NEW HAVEN, Conn. – It was a memorable Senior Day for the Yale field hockey team on Saturday -- thanks, in part, to the first-year class. The Bulldogs celebrated their four seniors (goalkeeper Chaney Kalinich, back Jackie Kisa, midfielder Marissa Medici and forward Brooke Reese) before the game against Columbia, the last home game of the season. Hours later, with the game knotted 1-1 after two scoreless overtimes, the Bulldogs sent a lineup of all-first years into the shootout. Thanks to three scores from the rookies and some big saves from sophomore goalkeeper Sydney Terroso, Yale earned a 2-1 win. Back Katie Pieterse delivered the game-winner, touching off a huge celebration.
The weather conditions -- cold and rainy, with wind gusting more than 20 miles per hour -- set the backdrop for what wound up being an epic battle between two evenly matched Ivy League teams. Columbia (7-8, 2-4 Ivy League) took a 1-0 lead in the first half on a goal by midfielder Jamie McCormick, but Yale (9-7, 3-3 Ivy League) answered on a penalty corner early in the second. Stick stopper Sarah King sent the insert past the swing of midfielder Théodora Dillman and right to midfielder Bridget Condie, who fired in her seventh goal of the season and tied the game 1-1.
That was how the score remained as regulation wound down, thanks to multiple saves down the stretch by Terroso. She kicked aside a shot by midfielder Emily Maclean on a penalty corner with 22 minutes left, then denied another corner attempt by Maclean with less than 13 minutes to play. The Lions called time before their final corner of regulation, with 5:16 left, but Terroso delivered another kick save and helped send the game to overtime.
Each team had its chances during the two overtimes, but six saves by Terroso and two by Columbia keeper Katie Dempsey kept the score tied. Terroso had one of her best saves on the day with 50 seconds left in the second overtime, reacting quickly to get over and stuff an attempt by a wide-open McCormick off a cross from forward Danielle Buttinger.
That set up the dramatic shootout. Stuper's decision to have her first four shooters be first years was no accident.
"We practice overtime play every week, and we practice shootouts throughout the week," said Stuper. "We have 10 or 12 kids we rotate in, so we have plenty of options. In this case it came down to choosing which ones we thought would be good against a big goalkeeper (Dempsey is 6-foot-1). The first years have been doing a great job. They do it in practice, and today they did it in a game."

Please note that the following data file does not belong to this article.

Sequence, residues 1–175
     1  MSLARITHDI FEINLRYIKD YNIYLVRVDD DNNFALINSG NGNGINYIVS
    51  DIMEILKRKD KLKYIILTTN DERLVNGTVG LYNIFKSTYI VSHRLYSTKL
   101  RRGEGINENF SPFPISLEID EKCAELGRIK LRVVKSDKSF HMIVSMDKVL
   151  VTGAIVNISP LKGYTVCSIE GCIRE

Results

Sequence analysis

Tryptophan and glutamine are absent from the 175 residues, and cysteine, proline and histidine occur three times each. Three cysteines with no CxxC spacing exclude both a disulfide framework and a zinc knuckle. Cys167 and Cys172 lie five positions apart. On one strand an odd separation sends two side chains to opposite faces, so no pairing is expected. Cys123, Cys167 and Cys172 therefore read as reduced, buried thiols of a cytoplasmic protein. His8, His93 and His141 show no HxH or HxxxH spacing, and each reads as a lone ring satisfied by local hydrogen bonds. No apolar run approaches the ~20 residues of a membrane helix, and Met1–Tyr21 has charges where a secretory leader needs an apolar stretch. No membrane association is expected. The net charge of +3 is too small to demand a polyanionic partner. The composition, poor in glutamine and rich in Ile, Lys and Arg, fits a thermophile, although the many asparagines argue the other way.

First up was midfielder Alissa Wong. She got Dempsey to come out, then quickly darted left around her and fired in a diving backhand shot.
"That was a beautiful goal," said Stuper. "Alissa's been one of our most consistent people on shootouts in practice. To make that move and nail it on the backhand set the tone."
Terroso then established momentum squarely in Yale's favor with another spectacular stop. After midfielder Danielle Farkas' initial move appeared to leave the far corner of the cage open, Terroso dove to her right and got her stick out just far enough to deflect the shot away.
Another Bulldog first year then stepped up, as midfielder Théodora Dillman dribbled to the right and powered the ball past Dempsey to give the Bulldogs a 2-0 advantage. Terroso kept that margin intact by forcing Buttinger's attempt off a spin move to sail wide of the cage.
Neither team scored in the third round, with Terroso getting her right leg out to deny McCormick. That set the stage for Pieterse, who less than two weeks earlier had scored her first career goal -- a game-winner vs. Quinnipiac. She was facing a David-vs.-Goliath matchup in the shootout Saturday, standing more than a foot shorter than Dempsey at five-feet tall. But she showed the quickness and offensive intuition that had prompted a recent move up from back to forward, driving directly into Dempsey before spinning to the right and, while falling, sending the game-winner in to the near side of the cage.
"Katie's been great for us in overtime," said Stuper. "This is what these kids do at each practice. We told them to go at speed, go hard, move the keeper."
Pieterse raced into the arms of her teammates to celebrate, and then the Bulldogs mobbed Terroso. She finished with 11 saves, seemingly getting better as the game wore on and the pressure mounted.
"Syd made some big saves," said Stuper. "In the shootout she was phenomenal. Syd's pretty mobile, and she's a gamer. She's a kid that gets up for big opportunities."
The win wound up being an illustration of the mentality the Bulldogs have developed as a team throughout the last four years with the Class of 2019 leading the way. The team won just three games when these seniors were in their first year, but the Bulldogs are now on the brink of a 10 win season. A victory at Brown next Saturday would give them double-digit victories for the first time since the 2011 Ivy League Championship season.
"In the pregame I talked about the seniors being a class that believed," said Stuper. "They always believed we could win. This was a game about believing, and four seniors that believed."
Report by Sam Rubin '95 (firstname.lastname@example.org), Yale Sports Publicity